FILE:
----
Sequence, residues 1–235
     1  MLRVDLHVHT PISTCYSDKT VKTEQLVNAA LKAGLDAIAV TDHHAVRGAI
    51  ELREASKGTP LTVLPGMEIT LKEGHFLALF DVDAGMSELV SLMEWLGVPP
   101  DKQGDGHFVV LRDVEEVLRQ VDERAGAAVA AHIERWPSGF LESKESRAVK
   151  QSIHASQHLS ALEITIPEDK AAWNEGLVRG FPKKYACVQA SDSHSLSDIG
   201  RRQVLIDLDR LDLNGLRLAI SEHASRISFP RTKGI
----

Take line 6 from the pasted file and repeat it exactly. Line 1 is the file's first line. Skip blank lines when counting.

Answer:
   201  RRQVLIDLDR LDLNGLRLAI SEHASRISFP RTKGI